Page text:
Fools and Mortals is a richly portrayed tour de force with all Bernard Cornwell’s hallmark storytelling and a remarkable cast of characters: you walk the streets, explore the palaces, experience the scandals, rivalries and fierce ambitions, and stand side-by-side with the men and women of Elizabethan London.

The Rooster Bar (November 2017)

By John Grisham

November 1, 2017

John Grisham’s newest legal triller takes you inside a law firm that shouldn’t exist.

Law students Mark, Todd and Zola wanted to change the world – to make it a better place.  But these days these three disillusioned friends spend a lot of time hanging out in The Rooster Bar, the place where Todd serves drinks.  As third-year students, they realise they have been duped.  They all borrowed heavily to attend a law school so mediocre that its graduates rarely pass the bar exam, let along get good jobs.  And when they learn that their school is one of a chain owned by a shady New York hedge-fund operator who also happens to own a bank specialising in student loans, the three realise they have been caught up in The Great Law School Scam.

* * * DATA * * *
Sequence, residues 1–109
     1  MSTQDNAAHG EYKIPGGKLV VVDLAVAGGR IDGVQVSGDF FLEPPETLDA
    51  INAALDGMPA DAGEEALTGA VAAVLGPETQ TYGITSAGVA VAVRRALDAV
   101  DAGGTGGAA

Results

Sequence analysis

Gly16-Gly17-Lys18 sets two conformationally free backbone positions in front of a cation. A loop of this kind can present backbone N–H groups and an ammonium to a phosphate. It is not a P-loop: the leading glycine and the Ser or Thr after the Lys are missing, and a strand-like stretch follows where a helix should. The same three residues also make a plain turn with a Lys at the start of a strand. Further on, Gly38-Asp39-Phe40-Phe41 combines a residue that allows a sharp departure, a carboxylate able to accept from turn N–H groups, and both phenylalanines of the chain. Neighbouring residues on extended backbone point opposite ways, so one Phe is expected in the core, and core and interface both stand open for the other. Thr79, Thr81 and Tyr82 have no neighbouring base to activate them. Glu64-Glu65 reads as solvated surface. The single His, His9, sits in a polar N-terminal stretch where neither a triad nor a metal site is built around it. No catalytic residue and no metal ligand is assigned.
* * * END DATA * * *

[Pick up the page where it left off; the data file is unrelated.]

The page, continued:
So they begin plotting a way out.  Maybe there’s a way to escape their crushing debt, expose the bank and the scam, and make a few bucks in the process.  But to do so, they have to leave law school, pretend they are qualified and go into battle with a billionaire and the FBI…

The Saboteur (November 2017)

By Andrew Gross

November 1, 2017

Fear
It is 1943, and the Nazis’s stranglehold over Europe is starting to loosen.  In a corner of Norway, work is under way at a remote mountain factory to alter that course…

Heroism
Kurt Nordstrum is a courageous resistance fighter who has lost everything.  His fiancee.  His unit.  His cause.  When Kurt learns of the Nazis’ atomic research in his homeland, he teams up with a group of patriotic fighters, driven by two goals: to free their country and to disrupt activity at the heavily guarded factory.